These hot and steamy June days, early morning is the best time to enjoy my garden. Mr. Robin waits, nervously, atop the weeping redbud for me to pass before feeding his mate sitting on their eggs. Mist shrouds the bottom field at sunrise, enhancing the beauty of the oats planted there, and defining many spider webs that catch the morning light. I enjoy the peaceful beauty surrounding me and I love the morning chorus of birdsong.
I try to begin my gardening chores early, before the heat sets in, with so much to do before the County Garden Tour only a week away. We hoped to be ready by now, but days of torrential rain have hampered our efforts. Even with all the problems Mother Nature sends our way, the garden is still looking beautiful. New blooms appear daily, and I can't begin to show them all in this posting, so I will focus on a couple of changes in the garden: a new trug, some different plantings, and the new Woodland Walk.
I love to celebrate each season with a gardening gift to myself. With summer a few days away, I treated myself to something very special: a large planting trug for the patio. It places herbs and vegetables closer to the back door, and its height eliminates bending and kneeling when gardening. One day, when I can no longer maintain a large kitchen garden, this trug will contain all the vegetables H.H and I need. Isn't it grand?
|In the middle, I placed a trellis over a tomato plant.|
|A dozen herbs plus flowers such as marigolds and nasturtium.|
The spirea in the cottage garden took center stage this past week, and in a future post I'll show what's new in this area.
|Yellow yarrow flanks the spirea.|
For the first time I planted morning glory to climb two trellises. Actually, I also planted them over the pea tunnel in the kitchen garden, but those seeds may not have germinated, because I soaked them too long while I waited days for the rain to stop.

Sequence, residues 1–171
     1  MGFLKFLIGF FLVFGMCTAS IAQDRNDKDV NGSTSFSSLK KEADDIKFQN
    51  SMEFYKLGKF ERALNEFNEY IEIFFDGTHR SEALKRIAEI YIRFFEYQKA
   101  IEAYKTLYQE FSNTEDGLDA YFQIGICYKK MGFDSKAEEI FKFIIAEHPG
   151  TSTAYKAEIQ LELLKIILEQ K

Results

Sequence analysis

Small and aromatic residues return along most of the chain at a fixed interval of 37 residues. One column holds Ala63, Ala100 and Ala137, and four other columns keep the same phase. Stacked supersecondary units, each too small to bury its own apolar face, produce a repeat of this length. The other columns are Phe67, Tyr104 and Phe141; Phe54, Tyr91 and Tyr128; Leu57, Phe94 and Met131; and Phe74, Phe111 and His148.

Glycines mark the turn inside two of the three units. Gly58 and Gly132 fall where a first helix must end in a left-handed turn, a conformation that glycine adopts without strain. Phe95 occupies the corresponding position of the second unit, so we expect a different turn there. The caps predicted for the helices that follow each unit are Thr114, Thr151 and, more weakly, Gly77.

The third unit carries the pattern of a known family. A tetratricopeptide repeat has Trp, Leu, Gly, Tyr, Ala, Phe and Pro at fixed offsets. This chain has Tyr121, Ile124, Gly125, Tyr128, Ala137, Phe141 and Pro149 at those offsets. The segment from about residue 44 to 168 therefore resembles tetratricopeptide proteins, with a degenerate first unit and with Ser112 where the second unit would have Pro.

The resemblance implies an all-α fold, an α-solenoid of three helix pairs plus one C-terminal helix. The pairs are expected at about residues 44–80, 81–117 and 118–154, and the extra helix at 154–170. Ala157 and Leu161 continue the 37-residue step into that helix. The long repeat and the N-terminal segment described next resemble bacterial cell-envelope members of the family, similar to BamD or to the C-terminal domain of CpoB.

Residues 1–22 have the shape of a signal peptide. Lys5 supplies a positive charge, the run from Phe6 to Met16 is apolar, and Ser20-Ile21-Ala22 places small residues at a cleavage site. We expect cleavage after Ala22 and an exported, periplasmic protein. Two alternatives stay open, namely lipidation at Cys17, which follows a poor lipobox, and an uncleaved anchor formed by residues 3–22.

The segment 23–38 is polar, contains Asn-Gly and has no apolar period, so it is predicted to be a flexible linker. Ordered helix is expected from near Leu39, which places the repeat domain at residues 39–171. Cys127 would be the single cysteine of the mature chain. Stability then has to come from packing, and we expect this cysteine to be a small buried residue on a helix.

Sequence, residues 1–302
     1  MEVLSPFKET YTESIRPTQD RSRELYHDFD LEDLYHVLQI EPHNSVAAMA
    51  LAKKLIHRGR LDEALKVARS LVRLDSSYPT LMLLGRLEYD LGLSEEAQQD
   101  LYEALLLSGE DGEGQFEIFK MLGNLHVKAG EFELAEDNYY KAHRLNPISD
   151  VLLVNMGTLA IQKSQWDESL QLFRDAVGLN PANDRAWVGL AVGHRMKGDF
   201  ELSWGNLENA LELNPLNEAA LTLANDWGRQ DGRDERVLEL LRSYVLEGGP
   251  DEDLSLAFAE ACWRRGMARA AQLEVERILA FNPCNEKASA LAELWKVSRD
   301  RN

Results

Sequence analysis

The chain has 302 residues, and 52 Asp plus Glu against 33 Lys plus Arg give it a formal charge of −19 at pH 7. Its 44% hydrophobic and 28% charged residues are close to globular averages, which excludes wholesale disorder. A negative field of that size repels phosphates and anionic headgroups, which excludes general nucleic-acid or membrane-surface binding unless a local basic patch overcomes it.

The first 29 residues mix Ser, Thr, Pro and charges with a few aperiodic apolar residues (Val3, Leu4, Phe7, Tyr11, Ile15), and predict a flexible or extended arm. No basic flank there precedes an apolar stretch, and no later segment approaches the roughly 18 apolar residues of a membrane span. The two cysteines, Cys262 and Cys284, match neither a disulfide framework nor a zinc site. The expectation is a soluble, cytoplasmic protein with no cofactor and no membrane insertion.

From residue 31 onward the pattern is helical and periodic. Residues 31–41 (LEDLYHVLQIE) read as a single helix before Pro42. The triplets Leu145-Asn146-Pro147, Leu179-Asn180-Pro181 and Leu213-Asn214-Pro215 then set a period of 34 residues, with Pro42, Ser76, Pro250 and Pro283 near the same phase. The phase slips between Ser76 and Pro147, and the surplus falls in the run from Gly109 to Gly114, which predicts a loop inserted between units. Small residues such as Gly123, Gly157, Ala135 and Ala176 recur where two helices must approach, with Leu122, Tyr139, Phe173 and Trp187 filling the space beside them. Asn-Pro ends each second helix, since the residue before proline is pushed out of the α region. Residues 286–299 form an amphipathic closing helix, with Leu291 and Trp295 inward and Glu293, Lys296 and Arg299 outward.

|Morning glory on one side of the arbor. There is a mature clematis on the other side.|
The solution: dear H.H dug all the soil out of the bed and refilled it, this time using mushroom compost with peatmoss and topsoil. I planted bush beans and sunflowers there. They all germinated and are doing fine! Lesson learned!
Moving to the horseshoe garden, which was new last year, the plantings have filled out beautifully. The Sweet William is especially lovely. Snapdragons reseeded themselves all over the bed, and I added some I grew from seed. If their blooms are as lovely as last year, they will be quite stunning.
|The Horseshoe Garden|
|Bearded iris around the birdbath, and clematis climbing the trellis.|
The many native plants in the horseshoe garden attract pollinators and I am reminded this week is Pollinator Week.
|Native plants in the horseshoe garden include the red rose campion.|
As planned, we closed the old Woodland Walk which became too big to maintain, plus I'm afraid of the bears we see in there. We created a shorter walk and added some shade plants. I am thrilled with the results.
|The bearded iris in bloom along Bluebell Creek at the entrance to the Woodland Walk.|
The Woodland Walk is a cool place to celebrate hot summer days ...
|The Woodland Walk is ten degrees cooler than the rest of the garden -- lovely!|
|Heuchera and brunnera tend to be avoided by deer. I sprayed them with deer repellent to be safe.|
Returning to the main garden, I planted all the containers and window boxes last week.
|Coleus I grew from seed welcome you to the Stone Garden.|
The last chore (a big one) is to finish mulching flower beds, then we should be ready for the BIG TOUR!
I am linking with Donna at Garden's Eye View for her 'Seasonal Celebrations' meme and with Beth at Plant Postings for her 'Lesson Learned' meme. I'm late for 'Garden Bloggers' Bloom Day', but will link to it in case you didn't yet visit Carol at May Dreams Gardens. Thanks, ladies, for three wonderful blogs and for hosting these three special memes.
It is a beautiful time of the year ... how are you celebrating your garden on summer's eve?
|A simple container of calibrachoa at the front door.|
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